New ... iPhone 5.
APPLE has been accused by the NSW state government of "taking unfair advantage" of children after reports that parents were unwittingly being billed hundreds of dollars for their children's use of "free" apps.
The Fair Trading Minister, Anthony Roberts, said consumer regulators were examining ways to address the issue but called on Apple to find a fix. He said the company's defence that parents should protect themselves or activate parental control settings was unacceptable.
"Marketing in-app purchases is a money maker for Apple, but unless they build in protections for vulnerable consumers and children, they are taking unfair advantage to make money," the minister said. "I have written to Apple in the past, with no response received."
The ABC reported this week that parents were receiving credit card bills for many hundreds of dollars for games played by their children. The games are often "free" but allow for virtual items and add-ons to be bought within the app, charged straight to parents' credit cards via their iTunes accounts. Apple takes a 30 per cent cut of all transactions.
A class action is reportedly under way in the US by parents claiming in-app purchases are illegal and constitute misleading and deceptive conduct, "with children the clear target", Mr Roberts said.
He said Apple should acknowledge the need to "protect children and families from unwanted and unnecessary bills for artificial products".
The government is also seeking an "appropriate response" from Apple regarding the "price differential for Australians buying Apple products".
Mr Roberts said Australians should not have to set up iTunes accounts in the US to get the cheapest price for Apple products. "It's a global market and it should be a fair market."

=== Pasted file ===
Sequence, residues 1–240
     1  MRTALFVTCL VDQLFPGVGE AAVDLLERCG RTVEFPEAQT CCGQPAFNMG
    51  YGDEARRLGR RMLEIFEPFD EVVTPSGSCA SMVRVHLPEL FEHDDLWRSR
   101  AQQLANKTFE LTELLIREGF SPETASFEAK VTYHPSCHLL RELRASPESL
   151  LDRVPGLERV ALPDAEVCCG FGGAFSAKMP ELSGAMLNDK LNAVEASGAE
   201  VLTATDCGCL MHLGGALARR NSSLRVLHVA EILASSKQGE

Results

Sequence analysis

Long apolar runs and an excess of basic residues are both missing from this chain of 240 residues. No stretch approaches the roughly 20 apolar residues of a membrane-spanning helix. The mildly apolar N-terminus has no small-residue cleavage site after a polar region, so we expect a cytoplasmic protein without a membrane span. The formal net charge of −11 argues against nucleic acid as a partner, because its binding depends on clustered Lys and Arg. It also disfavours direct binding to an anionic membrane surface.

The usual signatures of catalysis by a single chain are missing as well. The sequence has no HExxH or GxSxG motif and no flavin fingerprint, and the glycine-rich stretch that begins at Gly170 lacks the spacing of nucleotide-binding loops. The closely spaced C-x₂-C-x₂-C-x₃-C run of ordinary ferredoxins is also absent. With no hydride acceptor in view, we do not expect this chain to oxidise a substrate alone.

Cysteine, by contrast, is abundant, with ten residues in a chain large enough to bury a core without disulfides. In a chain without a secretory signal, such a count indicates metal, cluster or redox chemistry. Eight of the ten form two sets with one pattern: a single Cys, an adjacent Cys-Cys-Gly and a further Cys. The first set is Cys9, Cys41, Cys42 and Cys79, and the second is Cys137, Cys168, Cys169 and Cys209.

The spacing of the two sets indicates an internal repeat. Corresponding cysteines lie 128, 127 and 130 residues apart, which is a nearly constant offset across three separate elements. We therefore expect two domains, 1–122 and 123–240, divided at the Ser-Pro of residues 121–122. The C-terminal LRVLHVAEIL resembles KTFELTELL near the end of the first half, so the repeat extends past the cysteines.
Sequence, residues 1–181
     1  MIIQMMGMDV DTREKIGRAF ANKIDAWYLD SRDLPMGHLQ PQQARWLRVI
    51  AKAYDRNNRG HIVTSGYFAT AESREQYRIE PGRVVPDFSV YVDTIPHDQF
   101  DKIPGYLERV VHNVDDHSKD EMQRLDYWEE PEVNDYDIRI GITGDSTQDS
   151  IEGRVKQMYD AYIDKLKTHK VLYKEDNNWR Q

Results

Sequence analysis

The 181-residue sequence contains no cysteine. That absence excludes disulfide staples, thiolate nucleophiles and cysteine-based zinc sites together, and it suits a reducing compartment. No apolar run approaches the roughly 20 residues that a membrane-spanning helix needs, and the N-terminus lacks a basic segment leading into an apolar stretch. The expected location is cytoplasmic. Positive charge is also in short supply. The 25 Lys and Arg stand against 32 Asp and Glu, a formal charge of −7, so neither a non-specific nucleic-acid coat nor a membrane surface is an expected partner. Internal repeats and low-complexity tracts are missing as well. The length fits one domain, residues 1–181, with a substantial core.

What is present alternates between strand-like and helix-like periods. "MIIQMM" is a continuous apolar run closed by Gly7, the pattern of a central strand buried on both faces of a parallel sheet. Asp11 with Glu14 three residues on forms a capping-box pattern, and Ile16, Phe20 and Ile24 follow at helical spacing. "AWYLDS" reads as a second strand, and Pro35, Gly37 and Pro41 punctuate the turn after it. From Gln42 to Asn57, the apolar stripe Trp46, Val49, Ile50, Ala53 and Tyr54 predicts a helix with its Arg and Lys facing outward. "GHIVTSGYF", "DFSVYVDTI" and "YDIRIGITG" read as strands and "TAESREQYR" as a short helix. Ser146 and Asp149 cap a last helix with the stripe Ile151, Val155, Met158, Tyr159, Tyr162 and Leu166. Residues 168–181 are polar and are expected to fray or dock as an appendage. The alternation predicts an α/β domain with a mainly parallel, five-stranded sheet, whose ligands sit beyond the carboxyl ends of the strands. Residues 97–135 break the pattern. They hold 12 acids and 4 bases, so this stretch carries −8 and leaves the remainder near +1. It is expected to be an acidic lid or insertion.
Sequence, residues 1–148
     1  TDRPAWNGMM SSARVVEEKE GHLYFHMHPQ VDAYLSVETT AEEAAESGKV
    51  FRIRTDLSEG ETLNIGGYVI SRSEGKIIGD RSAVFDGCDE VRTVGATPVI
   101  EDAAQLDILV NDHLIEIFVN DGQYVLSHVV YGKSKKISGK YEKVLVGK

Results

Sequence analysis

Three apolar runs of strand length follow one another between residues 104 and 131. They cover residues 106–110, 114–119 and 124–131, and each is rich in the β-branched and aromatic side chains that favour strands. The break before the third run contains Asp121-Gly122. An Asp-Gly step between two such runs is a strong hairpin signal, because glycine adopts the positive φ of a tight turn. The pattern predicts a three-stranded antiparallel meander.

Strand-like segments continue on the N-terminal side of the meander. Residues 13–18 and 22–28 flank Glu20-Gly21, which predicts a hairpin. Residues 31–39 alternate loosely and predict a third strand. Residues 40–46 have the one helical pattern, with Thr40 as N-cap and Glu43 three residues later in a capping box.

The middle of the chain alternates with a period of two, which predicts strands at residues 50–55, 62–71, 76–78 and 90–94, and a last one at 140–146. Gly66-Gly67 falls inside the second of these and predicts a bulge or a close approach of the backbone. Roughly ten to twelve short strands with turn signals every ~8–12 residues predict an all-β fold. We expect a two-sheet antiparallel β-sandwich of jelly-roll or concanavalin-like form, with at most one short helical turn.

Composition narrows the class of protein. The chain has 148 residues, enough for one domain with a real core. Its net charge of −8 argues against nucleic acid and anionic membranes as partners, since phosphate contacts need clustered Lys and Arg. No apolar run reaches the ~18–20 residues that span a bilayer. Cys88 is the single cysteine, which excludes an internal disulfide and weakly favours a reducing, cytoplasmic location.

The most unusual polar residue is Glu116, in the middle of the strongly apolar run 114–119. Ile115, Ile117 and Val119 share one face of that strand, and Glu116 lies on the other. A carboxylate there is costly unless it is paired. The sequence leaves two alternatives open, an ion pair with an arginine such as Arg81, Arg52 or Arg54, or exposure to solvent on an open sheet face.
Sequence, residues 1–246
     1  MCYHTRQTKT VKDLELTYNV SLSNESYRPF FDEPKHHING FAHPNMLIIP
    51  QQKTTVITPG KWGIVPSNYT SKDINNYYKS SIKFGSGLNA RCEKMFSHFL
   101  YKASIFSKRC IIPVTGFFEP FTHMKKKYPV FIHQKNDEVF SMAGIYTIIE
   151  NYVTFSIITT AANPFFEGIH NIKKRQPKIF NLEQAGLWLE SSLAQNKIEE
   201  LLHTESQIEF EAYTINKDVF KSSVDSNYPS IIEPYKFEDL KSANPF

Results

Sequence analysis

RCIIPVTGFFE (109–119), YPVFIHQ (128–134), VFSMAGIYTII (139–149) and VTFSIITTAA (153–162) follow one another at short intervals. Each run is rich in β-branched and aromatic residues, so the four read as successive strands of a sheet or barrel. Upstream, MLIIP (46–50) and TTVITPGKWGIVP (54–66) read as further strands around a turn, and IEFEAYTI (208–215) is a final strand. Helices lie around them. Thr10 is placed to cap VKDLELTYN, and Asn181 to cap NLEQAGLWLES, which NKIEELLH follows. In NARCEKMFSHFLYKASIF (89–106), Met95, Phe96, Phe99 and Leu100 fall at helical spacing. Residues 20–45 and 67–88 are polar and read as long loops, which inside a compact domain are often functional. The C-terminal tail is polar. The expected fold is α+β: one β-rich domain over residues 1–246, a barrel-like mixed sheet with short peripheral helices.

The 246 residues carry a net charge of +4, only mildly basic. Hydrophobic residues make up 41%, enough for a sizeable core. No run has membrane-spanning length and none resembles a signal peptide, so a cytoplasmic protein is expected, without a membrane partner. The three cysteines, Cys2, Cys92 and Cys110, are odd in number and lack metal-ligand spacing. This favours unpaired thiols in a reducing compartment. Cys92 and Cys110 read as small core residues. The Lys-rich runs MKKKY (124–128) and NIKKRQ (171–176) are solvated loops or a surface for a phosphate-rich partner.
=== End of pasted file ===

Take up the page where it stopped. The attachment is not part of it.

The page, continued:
The iPhone 5 goes on sale today at 8am.
The mobile comparison site WhistleOut, which has a partnership with Fairfax Media, warned that owners of 4G-enabled phones - such as the iPhone 5 and the Samsung Galaxy S3 4G - will need active protection to keep themselves safe from bill shock, especially those on entry-level plans.
Those on 4G networks can download movies, music, video podcasts and other content about four times faster than on 3G.
"A single five minute video in HD quality can require over 35MB," said WhistleOut's Cameron Craig. "That's almost 20 per cent of a 200MB cap gone in five minutes and HD video is easy to stream with 4G speeds."
The new voluntary telco industry code requires telcos to notify customers within 48 hours of their monthly value plans exceeding 50 per cent, 85 per cent, and 100 per cent of their allocated plan.
"A 48 hour delay in usage alerts means that there's still over-use black holes that a user can fall into on 4G," said Craig.
Meanwhile Apple's new mapping software has come under criticism for misplacing towns and cities. British users reported that London had been relocated to Ontario, Canada, and Dublin had gained a new airport.